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Steve Griffin, Deseret News
BYU police vehicles are parked outside the department's offices on the BYU campus in Provo on Thursday, Feb. 21, 2019.

SALT LAKE CITY — The House of Representatives joined the Senate on Tuesday by passing unanimously a bill that requires campus police organizations — including the department at BYU — to follow the same public records rules as all other public police agencies.

SB197 states that the definition of a law enforcement agency includes "a private institution of higher education whose law enforcement entity or division is certified by the Commission of Public Safety."

“We are applying the exact same standard to our private law enforcement agencies that we have (for) our public,” said Rep. Mike McKell, R-Spanish Fork, the House sponsor of the bill.

Last month, the BYU Police Department was decertifiedby the state beginning on Sept. 1. Utah Public Safety Commissioner Jess Anderson cited issues including failure "to conduct an internal investigation into specific allegations of misconduct by a BYU" police officer.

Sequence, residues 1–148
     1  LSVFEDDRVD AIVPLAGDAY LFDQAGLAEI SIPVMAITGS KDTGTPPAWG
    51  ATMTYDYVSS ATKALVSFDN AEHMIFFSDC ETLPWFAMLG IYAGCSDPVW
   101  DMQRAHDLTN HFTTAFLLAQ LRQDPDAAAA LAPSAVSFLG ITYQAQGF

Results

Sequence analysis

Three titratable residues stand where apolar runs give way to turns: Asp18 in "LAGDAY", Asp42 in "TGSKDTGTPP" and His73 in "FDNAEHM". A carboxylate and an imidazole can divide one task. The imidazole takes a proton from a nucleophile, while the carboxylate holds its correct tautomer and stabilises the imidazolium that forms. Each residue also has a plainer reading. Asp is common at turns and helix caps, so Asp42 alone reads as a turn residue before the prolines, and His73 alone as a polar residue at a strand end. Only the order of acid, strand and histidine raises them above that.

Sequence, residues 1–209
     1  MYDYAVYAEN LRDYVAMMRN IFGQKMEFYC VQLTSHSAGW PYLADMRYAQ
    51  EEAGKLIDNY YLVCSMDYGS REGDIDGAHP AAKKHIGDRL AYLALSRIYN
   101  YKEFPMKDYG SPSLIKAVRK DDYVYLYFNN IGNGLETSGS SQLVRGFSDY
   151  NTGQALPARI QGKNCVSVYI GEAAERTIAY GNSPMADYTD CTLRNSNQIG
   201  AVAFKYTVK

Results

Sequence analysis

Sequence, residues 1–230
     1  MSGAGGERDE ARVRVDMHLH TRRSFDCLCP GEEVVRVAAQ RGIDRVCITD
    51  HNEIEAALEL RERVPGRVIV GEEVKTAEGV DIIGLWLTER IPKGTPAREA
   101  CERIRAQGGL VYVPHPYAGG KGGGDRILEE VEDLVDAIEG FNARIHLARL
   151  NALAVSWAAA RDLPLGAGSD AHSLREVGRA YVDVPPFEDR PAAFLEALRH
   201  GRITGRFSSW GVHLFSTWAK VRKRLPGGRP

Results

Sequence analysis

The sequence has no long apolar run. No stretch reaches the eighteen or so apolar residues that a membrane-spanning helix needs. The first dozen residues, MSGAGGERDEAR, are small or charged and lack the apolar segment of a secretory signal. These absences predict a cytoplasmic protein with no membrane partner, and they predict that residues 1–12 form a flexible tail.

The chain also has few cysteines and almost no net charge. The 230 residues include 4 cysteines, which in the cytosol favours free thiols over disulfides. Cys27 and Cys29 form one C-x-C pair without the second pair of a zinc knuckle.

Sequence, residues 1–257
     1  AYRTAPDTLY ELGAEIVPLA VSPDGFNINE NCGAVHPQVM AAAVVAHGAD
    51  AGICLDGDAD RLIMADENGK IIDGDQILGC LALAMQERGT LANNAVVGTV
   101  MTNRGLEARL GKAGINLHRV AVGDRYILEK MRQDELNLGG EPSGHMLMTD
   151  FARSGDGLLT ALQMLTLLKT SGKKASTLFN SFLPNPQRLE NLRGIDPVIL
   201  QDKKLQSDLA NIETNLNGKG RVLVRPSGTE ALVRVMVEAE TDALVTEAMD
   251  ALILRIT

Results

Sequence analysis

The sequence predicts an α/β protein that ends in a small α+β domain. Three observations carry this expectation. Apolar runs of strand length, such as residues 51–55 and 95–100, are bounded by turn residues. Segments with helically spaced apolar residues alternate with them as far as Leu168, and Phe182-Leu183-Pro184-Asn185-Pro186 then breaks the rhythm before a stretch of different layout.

The issues stem from a records request made under the Government Records Access and Management Act by the Salt Lake Tribune for emails sent by BYU police regarding rape allegations made by a 19-year-old student in 2016.

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BYU declined to release information from what it termed a "privately funded, managed and operated police department within a private university" and is appealing a lower court ruling to the Utah Supreme Court.

The university's police department remains active until a deadline of Sept. 1 while BYU appeals the decertification decision.

SB197 passed the Senate March 4 with a unanimous vote and will now go to the governor.

In the House Law Enforcement and Criminal Justice Committee meeting on March 6, BYU counsel Heather Gunnarson and BYU Police Chief Chris Autry offered support for the bill.